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Blood Glucose Level And Risk Of Heart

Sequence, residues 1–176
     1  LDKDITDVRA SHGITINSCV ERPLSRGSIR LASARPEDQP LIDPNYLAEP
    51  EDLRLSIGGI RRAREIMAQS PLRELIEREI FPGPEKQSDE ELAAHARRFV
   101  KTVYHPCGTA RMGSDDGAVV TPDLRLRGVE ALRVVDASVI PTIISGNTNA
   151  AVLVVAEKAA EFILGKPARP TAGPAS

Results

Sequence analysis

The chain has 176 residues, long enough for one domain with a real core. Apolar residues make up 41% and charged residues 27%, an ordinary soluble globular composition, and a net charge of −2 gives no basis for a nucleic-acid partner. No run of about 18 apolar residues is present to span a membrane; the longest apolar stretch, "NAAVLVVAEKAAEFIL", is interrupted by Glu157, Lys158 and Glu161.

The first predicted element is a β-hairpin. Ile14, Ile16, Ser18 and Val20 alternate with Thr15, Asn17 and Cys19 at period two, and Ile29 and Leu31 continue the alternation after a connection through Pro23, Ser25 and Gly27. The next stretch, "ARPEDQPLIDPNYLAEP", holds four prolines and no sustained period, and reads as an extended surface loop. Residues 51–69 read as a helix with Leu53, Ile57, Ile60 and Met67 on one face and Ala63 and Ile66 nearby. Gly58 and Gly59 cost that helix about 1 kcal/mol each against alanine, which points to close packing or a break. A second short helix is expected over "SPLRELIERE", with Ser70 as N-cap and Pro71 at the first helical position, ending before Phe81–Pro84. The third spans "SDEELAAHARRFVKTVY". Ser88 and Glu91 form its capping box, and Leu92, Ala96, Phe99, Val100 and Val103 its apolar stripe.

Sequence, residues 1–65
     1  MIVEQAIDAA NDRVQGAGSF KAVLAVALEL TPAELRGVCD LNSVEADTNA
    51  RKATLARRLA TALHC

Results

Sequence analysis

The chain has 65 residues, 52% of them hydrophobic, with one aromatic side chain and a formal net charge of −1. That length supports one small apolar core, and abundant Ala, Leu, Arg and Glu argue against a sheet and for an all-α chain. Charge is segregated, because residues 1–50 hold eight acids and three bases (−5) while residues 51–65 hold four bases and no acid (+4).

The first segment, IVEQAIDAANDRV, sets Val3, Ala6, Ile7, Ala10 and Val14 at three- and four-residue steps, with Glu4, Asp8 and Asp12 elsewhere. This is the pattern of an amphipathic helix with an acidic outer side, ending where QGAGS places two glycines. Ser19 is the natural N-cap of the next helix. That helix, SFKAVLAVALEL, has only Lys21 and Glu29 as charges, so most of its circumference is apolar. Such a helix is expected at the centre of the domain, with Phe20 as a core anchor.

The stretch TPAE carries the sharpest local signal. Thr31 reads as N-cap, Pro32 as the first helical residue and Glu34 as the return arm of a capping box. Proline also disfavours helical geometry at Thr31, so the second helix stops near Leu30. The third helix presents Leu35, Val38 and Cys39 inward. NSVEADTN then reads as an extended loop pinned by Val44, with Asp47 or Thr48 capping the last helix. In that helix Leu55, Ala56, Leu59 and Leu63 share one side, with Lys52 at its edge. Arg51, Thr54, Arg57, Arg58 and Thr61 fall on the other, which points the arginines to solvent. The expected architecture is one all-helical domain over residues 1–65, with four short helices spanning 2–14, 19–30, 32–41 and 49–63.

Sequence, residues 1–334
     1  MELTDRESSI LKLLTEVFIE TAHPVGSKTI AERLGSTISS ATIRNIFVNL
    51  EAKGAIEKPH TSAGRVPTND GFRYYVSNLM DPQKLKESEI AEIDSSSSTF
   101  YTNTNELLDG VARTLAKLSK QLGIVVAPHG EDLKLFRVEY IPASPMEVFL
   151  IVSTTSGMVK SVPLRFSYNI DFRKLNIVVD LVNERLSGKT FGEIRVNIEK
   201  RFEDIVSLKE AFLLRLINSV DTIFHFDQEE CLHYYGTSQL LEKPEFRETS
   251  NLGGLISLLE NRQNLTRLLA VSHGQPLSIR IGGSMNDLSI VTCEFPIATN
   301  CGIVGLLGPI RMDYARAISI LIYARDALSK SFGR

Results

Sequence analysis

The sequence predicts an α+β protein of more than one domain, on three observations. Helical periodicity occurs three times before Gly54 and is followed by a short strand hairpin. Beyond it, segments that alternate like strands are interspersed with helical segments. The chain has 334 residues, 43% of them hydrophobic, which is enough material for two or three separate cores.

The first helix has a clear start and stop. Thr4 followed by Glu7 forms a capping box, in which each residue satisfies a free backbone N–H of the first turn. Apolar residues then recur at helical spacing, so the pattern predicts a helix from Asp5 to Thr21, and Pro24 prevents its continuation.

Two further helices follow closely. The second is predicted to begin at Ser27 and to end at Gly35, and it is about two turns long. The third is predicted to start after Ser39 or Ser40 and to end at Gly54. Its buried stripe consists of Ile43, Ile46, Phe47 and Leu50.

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Blood Glucose Level And Risk Of Heart Question: Discuss about the Understand The Relationship Between Blood Glucose Level Of Individuals And The Risk Of Suffering Heart Diseases.     Answer: Introduction Considerable research has been undertaken in the recent past to understand the relationship between blood glucose level of individuals and the risk of suffering heart diseases. It has been well known that increased consumption has a detrimental impact on the health of individuals, and the direct link with heart disease has gained more attention in the medical field. Numerous studies have claimed that individuals suffering from high blood glucose level due to increased sugar consumption are at more risk of cardiovascular disease as the same is a predictor of atherosclerosis. The underlying principle is that sugar is a carbohydrate providing energy to the body with no other additional nutritional benefits. The present paper evaluates the claim that ‘sugar causes heart disease’ and builds an evidence based argument. The analysis is done on the basis of empirical evidence gathered through research of suitable articles. Research conducted in the past ten years have been included for this paper to make it up-to-date and noteworthy.   Analysis: Association Between Diabetes And Cardiovascular Diseases A close association between diabetes and cardiovascular disease was pointed out by Leon and Maddox (2015). Factors that act as the risk driving ones for cardiovascular disease like obesity, hypertension and dyslipidemia are mostly to occur in individuals who suffer from diabetes mellitus, thus increasing the risk for cardiac events. Higher level of free fatty-acid release present in insulin-resistant fat cells is the underlying mechanism. Increased free-fatty acid level are responsible for promoting triglyceride production, thereby stimulating the secretion of apolipoprotein B (ApoB) and very LDL (VLDL) cholesterol. Augmented levels of both of these are associated with chances of developing CVD. In case of diabetic patients, renal cells are known to get stimulated through hyperglycemia, becoming the cause of release of cytokine, humoral mediators and growth factors. This change is thereby known to lead to alterations in structural bodies in the glomeruli such as including hyaline arteriolosclerosis. The changes are responsible for increasing filtration pressure and renin-angiotensin system (RAAS). Chronic activation progresses to hypertension, and subsequently cardiovascular conditions.   Szablewski (2016) studied diabetic heart condition and realized that type 1 diabetes brings changes in the expression and translocationof GLUT4 and GLUT8 in the atria which are glucose transport proteins. In patients with diabetic atria, there is a deregulation of the content of the cell surface of the transporters. There is an increase in the expression of SGLT1 with end-stage cardiomyopathy secondary to type 2 diabetes. The research by von Haeling (2016) brought into limelight that diabetes and heart failure are interlinked. The mechanisms for the influence of high blood sugar level include atherosclerosis, increased lipid accumulation and oxidative stress, altered insulin signaling and mitochondrial dysfunction in the myocardium. Shah et al., (2015) had mentioned some of the pivotal cardiovascular outcomes for type 2 diabetes. These were heart failure, peripheral arterial disease, abdominal aortic aneurysm, and ventricular arrhythmias. Another study in this topic is that of de Mattos Matheus et al., (2013). The review paper mentioned that cardiovascular disease is more prominent in those having obesity and poor glycemic control. The proposed mechanisms that support the accelerated risk of atherosclerosis in diabetic patients revolve around epigenetic factors that lead to interactions between the environment and the genes of the individual. Al-Nozha et al., (2016) published a valuable research on relationship between diabetes mellitus and coronary artery disease. Patients with diabetes present with lipid-rich atherosclerotic plaques, and the chances of these to rupture is more in such individuals as compared to those who are not diabetic. In diabetic patients, there is increased thrombus formation, a result of blood coagulability and platelet activation.   Association Between Sugar-Sweetened Beverages And Risk Of Coronary Heart Disease According to Huang et al., (2013) habitual consumption of sugar-sweetened beverages (SSB) has a detrimental impact on the human body, such as obesity, diabetes, hypertension, stroke and metabolic syndrome. The researchers carried out a meta-analysis with research studies assessing the relationship between the consumption of such beverages and risk of cardiovascular heart disease (CHD). Four prospective studies were considered for the analysis comprising of 7396 cases of CHD. The relative risks for CHD in the highest category of SSB consumption as compared to the lowest category was 1.17. Further, a one-serving per day increase in the SSB consumption had a link with 16% increase in the risk of CHD. The mechanisms this negative impact was well explained. High content of carbohydrate leads to high glycemic load and increased inflammation. High level of inflammatory factors leads to the higher chances of developing metabolic disorders, contributing to atherosclerosis and thus higher risk of CHD. Ma et al., (2015) highlighted that regular sugar-sweetened beverage consumption was associated with greater risk of fatty liver disease, which increased the risk of heart disease and type 2 diabetes. In this regard Colchero et al., (2015) highlighted that there are myriad of studies suggesting that added sugars present in commonly consumed beverages are responsible for cardiometabolic concerns. The issue that arises is that sugar adds to the high inflammation of the arterial walls through generation of an insulin spike. In case the insulin spikes are in function in a continuous manner, the endothelial linings of blood vessels are rapidly ravaged. In case there is much damage to the endothelial linings, the chances of heart disease increases. Stroke and heart attack are the commonly occurring complications in individuals. The other issue is that increased sugar consumption is a driving factor for excessive weight gain. Weight gain, and sustained high insulin levels, can be linked with insulin resistance and diabetes, increasing the of cardiovascular disease. Effect Of Fructose Of On Cardiovascular Condition As cited by Huang et al., (2013) fructose consumption impairs glucose metabolism and decreases insulin sensitivity. Further, fructose increases the uric acid level in the body, which acts as a risk factor for CHD. Ma et al., (2015) also pointed out that high fructose or sucrose corn syrup leads to development of fatty liver diseases. Effect of sucrose on the elevation of serum cholesterol level and elevation of serum triglyceride level As highlighted by Kearns et al., (2016) early signs of coronary heart disease (CHD) have a link with sugar intake, particularly sucrose. Analyzing the Sugar Research Foundation (SRF) internal documents, statements and reports, it was found that sucrose contributes to elevation of serum cholesterol level and elevation of serum triglyceride level. Evidence is present to prove that a low-fat diet with high sugar content holds the potential to elevate the level of cholesterol. Studies were also mentioned that indicated that sucrose could aggravate carbohydrate-induced hypertriglyceridemia in more degree as compared to starches. While previous research was thought only to be theoretical, due to lack of studies, recent research is strengthening the evidence pool. The biological plausibility of sucrose having an impact on serum cholesterol is affected through the changes made to the intestinal microbiome. Further, fructose which is an element present in sucrose, affects the serum triglyceride level through lipogenesis carried out endogenously in adipose tissue, liver and some other human organs   Benefits Of Reducing Sugar Intake Vreman et al., (2017) studied the economic and health benefits individuals gain when they of reduce sugar intake including the influence made through non-alcoholic fatty liver disease. A microsimulation model with Markov chains for NAFLD (including steatosis, non-alcoholic steatohepatitis (NASH), cirrhosis and hepatocellular carcinoma (HCC)), body mass index, T2D and CHD was constructed. The article has mentioned that a decrease in prevalence and incidence of heart disease is possible through control of sugar intake. Averted costs can be controlled in this regard and this is the main economic benefit. Disease attributable disability-adjusted life years (DALYs) could also be controlled to a significant extent when sugar intake was reduced by 50%. Huang et al., (2018) highlighted that suboptimal diet is a reason behind economic burden through cardiometabolic diseases. Recent proposals to bring changes in the dietary polices have given increased attention to reformulation of food products. Recommendations have been put forward to include taxes on SSBs at different levels. Effectiveness of interventions related to tax polices has been indicated by Colchera et al., (2015) who concluded from their study that tax on SSBs lead to considerable reductions in the rate of purchasing taxed beverages. There is a need of monitoring such changes for understanding the potential impact and health implications on the longer term. Conclusion The present study established the argument that there exists a direct link between sugar consumption and increased risk of suffering poor heart conditions. The mechanism by which sugar has a deep impact on the cardiovascular health is well understood. It is to be mentioned in here that countries across the globe including Australia must levy sugar control policies and promulgate them in local and state venues. As the risk of cardiovascular heart disease is consistent across populations, the health consequences of sugar consumption are to be further assessed. The health departments must be ensuring that risk of heart diseases is under evaluation in risk assessments of increased sugar consumption. Research is required to understand the impact of sugar on multiple biomarkers of heart disease and development of such diseases. Committees for policymaking must also consider giving decreased importance to the studies that are funded by the food industry.   References Aronson, D., & Edelman, E. R. (2016). Coronary artery disease and diabetes mellitus. Heart failure clinics, 12(1), 117-133. DOI: Colchero, M. A., Popkin, B. M., Rivera, J. A., & Ng, S. W. (2016). Beverage purchases from stores in Mexico under the excise tax on sugar sweetened beverages: observational study. bmj, 352, h6704. DOI: Gomes, M. D. B. (2013). Impact of diabetes on cardiovascular disease: an update. International journal of hypertension,(2013), DOI: Huang, C., Huang, J., Tian, Y., Yang, X., & Gu, D. (2014). Sugar sweetened beverages consumption and risk of coronary heart disease: a meta-analysis of prospective studies. Atherosclerosis, 234(1), 11-16. DOI: Huang, Y., Pomeranz, J., Wilde, P., Capewell, S., Gaziano, T., O’Flaherty, M., … & Micha, R. (2018). Adoption and Design of Emerging Dietary Policies to Improve Cardiometabolic Health in the US. Current atherosclerosis reports, 20(5), 25. DOI: Kearns, C. E., Schmidt, L. A., & Glantz, S. A. (2016). Sugar Industry and Coronary Heart Disease Research: A Historical Analysis of Internal Industry Documents. JAMA Internal Medicine, 176(11), 1680–1685. DOI: Leon, B. M., & Maddox, T. M. (2015). Diabetes and cardiovascular disease: Epidemiology, biological mechanisms, treatment recommendations and future research. World Journal of Diabetes, 6(13), 1246–1258. DOI: Ma, J., Fox, C. S., Jacques, P. F., Speliotes, E. K., Hoffmann, U., Smith, C. E., … & McKeown, N. M. (2015). Sugar-sweetened beverage, diet soda, and fatty liver disease in the Framingham Heart Study cohorts. Journal of hepatology, 63(2), 462-469. DOI: Shah, A. D., Langenberg, C., Rapsomaniki, E., Denaxas, S., Pujades-Rodriguez, M., Gale, C. P., … & Hemingway, H. (2015). Type 2 diabetes and incidence of cardiovascular diseases: a cohort study in 1· 9 million people. The lancet Diabetes & endocrinology, 3(2), 105-113. DOI: Szablewski, L. (2017). Glucose transporters in healthy heart and in cardiac disease. International journal of cardiology, 230, 70-75. DOI: von Haehling, S., Hasenfuß, G., & Anker, S. D. (2016). Diabetes and Heart Failure: Sugared Words Prove Bitter. Journal of the American college of cardiology, 68(13), 1417-1419. DOI: https: //d Vreman, R. A., Goodell, A. J., Rodriguez, L. A., Porco, T. C., Lustig, R. H., & Kahn, J. G. (2017). Health and economic benefits of reducing sugar intake in the USA, including effects via non-alcoholic fatty liver disease: a microsimulation model. BMJ open, 7(8), e013543. Retrieved from